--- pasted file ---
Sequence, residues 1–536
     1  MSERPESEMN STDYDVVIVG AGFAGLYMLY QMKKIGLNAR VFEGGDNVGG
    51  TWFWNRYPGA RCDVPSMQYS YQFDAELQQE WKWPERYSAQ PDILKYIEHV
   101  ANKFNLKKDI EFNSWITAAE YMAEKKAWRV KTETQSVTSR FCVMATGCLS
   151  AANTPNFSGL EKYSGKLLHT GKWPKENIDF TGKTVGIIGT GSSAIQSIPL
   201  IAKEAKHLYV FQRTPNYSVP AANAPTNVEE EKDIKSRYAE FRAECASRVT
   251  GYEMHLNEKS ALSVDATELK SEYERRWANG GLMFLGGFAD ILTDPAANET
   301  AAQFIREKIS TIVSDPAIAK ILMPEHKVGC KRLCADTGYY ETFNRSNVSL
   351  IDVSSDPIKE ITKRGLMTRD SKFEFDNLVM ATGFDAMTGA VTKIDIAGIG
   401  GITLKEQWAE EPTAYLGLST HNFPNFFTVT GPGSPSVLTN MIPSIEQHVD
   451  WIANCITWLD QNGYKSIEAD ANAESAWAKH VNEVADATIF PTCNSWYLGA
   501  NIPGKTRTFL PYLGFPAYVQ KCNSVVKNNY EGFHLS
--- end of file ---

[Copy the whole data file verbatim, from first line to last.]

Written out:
Sequence, residues 1–536
     1  MSERPESEMN STDYDVVIVG AGFAGLYMLY QMKKIGLNAR VFEGGDNVGG
    51  TWFWNRYPGA RCDVPSMQYS YQFDAELQQE WKWPERYSAQ PDILKYIEHV
   101  ANKFNLKKDI EFNSWITAAE YMAEKKAWRV KTETQSVTSR FCVMATGCLS
   151  AANTPNFSGL EKYSGKLLHT GKWPKENIDF TGKTVGIIGT GSSAIQSIPL
   201  IAKEAKHLYV FQRTPNYSVP AANAPTNVEE EKDIKSRYAE FRAECASRVT
   251  GYEMHLNEKS ALSVDATELK SEYERRWANG GLMFLGGFAD ILTDPAANET
   301  AAQFIREKIS TIVSDPAIAK ILMPEHKVGC KRLCADTGYY ETFNRSNVSL
   351  IDVSSDPIKE ITKRGLMTRD SKFEFDNLVM ATGFDAMTGA VTKIDIAGIG
   401  GITLKEQWAE EPTAYLGLST HNFPNFFTVT GPGSPSVLTN MIPSIEQHVD
   451  WIANCITWLD QNGYKSIEAD ANAESAWAKH VNEVADATIF PTCNSWYLGA
   501  NIPGKTRTFL PYLGFPAYVQ KCNSVVKNNY EGFHLS